Friday, December 06, 2013

19th c. Songhay sources from Tanzania and the US

A while ago, I posted about the earliest European source for Songhay. Shuichiro Nakao, who's been doing some interesting work on the 19th-century development of Arabic-based creoles, recently sent me a link to an early record of Songhay from an even more surprising source: the journal Tanganyika Notes and Records. The article in question is a summary autobiography of Adrien Atiman, who spent most of his life working as a Catholic missionary in central Africa. Apparently, as a child he was taken (sold or kidnapped? he would never know which) as a slave from Tindirma (modern Mali) and brought north to Metlili, where he was "ransomed" by a Catholic priest in 1876, converted, trained for priesthood, and finally sent off to a completely different part of Africa to be a missionary. He gives a few words, the only ones he could still remember of his native language after so many years: ""Coro" meaning lion, "Boro" man, "Elham" meat, "Bri" bone, and "Kunduhari" beer." These are easily recognisable as the Koyra Chiini forms (after Heath 2005): kooro hyena, boro person, ham meat (crossed here with Algerian Arabic lħəm "meat"), biri bone, and kundu "bourgou grass" + hari "water" (a syrup is traditionally made from bourgou grass). But it is striking that, even for these last holdouts, the meanings are not remembered exactly. Your first language is not necessarily the language you are most fluent in!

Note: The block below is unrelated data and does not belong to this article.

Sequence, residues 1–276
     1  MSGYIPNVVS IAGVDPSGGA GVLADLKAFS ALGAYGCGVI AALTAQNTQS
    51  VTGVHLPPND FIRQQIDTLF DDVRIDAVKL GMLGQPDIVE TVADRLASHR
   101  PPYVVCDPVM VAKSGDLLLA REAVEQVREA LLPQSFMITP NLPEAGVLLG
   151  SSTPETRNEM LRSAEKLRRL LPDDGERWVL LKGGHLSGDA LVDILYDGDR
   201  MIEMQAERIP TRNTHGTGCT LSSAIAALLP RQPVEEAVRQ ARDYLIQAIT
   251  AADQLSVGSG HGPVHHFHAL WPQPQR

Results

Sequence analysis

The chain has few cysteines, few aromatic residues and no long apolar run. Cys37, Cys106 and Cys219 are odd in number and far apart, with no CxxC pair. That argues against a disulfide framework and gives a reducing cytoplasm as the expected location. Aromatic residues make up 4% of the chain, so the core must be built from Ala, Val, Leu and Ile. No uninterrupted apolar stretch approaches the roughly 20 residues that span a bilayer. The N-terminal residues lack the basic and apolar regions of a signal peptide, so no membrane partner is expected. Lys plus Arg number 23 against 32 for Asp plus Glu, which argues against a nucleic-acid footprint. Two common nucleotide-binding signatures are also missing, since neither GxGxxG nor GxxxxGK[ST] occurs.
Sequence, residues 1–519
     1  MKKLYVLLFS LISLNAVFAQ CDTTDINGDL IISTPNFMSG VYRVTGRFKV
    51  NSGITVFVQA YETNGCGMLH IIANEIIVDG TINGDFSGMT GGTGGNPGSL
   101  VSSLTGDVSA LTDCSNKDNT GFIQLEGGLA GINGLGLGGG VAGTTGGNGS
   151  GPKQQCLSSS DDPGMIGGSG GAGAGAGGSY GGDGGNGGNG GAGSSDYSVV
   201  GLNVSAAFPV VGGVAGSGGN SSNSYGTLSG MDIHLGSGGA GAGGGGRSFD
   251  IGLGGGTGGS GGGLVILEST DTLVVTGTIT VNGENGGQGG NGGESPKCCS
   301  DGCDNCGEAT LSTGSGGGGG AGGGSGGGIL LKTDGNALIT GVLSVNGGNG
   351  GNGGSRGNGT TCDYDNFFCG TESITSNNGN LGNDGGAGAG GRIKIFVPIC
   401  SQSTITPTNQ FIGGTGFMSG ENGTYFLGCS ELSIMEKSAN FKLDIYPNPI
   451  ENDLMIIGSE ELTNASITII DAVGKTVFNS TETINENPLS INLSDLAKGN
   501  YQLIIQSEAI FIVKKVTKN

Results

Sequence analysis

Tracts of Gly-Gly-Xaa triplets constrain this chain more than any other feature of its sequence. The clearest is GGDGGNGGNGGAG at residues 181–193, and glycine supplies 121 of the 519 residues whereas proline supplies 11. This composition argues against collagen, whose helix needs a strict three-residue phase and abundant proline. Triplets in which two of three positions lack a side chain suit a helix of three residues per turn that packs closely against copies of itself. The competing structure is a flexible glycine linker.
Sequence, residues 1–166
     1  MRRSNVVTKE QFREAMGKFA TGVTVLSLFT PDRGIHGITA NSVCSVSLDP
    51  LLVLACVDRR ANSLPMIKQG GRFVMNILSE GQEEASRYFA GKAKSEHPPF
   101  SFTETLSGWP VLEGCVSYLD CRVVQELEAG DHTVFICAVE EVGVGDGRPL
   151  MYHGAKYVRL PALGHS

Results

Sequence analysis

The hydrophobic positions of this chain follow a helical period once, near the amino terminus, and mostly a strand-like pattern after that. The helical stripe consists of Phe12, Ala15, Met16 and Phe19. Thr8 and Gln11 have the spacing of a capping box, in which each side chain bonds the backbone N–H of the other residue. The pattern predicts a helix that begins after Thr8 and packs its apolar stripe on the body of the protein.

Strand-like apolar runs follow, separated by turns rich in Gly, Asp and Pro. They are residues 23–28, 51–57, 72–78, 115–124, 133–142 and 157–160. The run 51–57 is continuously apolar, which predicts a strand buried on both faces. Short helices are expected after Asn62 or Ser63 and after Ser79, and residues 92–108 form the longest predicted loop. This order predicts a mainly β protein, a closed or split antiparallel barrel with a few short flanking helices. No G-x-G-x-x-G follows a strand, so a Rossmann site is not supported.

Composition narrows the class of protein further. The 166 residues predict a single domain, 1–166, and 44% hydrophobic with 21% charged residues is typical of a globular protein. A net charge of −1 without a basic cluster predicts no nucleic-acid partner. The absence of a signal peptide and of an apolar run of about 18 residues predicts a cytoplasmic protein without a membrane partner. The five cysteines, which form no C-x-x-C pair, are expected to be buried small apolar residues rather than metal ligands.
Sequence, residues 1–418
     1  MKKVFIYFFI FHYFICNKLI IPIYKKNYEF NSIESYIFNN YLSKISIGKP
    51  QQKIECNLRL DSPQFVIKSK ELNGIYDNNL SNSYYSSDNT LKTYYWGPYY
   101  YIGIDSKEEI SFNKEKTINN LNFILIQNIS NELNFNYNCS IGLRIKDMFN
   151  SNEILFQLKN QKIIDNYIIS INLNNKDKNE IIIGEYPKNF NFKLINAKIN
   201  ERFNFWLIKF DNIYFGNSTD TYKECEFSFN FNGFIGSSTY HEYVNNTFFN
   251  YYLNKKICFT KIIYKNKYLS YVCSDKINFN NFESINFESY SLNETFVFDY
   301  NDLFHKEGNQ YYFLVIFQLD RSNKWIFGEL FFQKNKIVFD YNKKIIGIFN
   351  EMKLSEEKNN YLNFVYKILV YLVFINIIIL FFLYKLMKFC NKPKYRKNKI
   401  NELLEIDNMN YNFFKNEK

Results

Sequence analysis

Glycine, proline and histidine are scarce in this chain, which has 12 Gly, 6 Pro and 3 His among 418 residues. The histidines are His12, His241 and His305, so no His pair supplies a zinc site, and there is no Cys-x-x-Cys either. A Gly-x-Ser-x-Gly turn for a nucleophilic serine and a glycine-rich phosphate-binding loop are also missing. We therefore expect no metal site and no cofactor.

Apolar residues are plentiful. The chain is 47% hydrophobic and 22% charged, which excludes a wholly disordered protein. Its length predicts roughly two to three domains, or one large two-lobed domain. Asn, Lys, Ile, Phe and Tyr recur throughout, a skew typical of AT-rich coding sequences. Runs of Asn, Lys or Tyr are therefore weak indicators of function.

As it happens, another Songhay-speaking slave also left us his biography, from slightly earlier in the nineteenth century (1854): Mahommah Gardo Baquaqua. A native of Djougou (modern Benin), he was taken prisoner while visiting a different town and sold south to the coast, ending up as a slave in Brazil, but eventually managed to escape while passing through New York, which had already abolished slavery. He gives the numbers from one to a thousand in Dendi, as well as a few vocabulary items scattered throughout the book. (Not all the latter are Dendi – some are Hausa, eg "cofa" (properly ƙofa) for "gate".)

I've managed to trace a few Songhay loanwords in North Africa, but as far as I know no one has ever reported a Songhay loanword in the Americas. That is probably to be expected, since most slaves there would have come from regions closer to the sea – but it would be interesting to look more closely...

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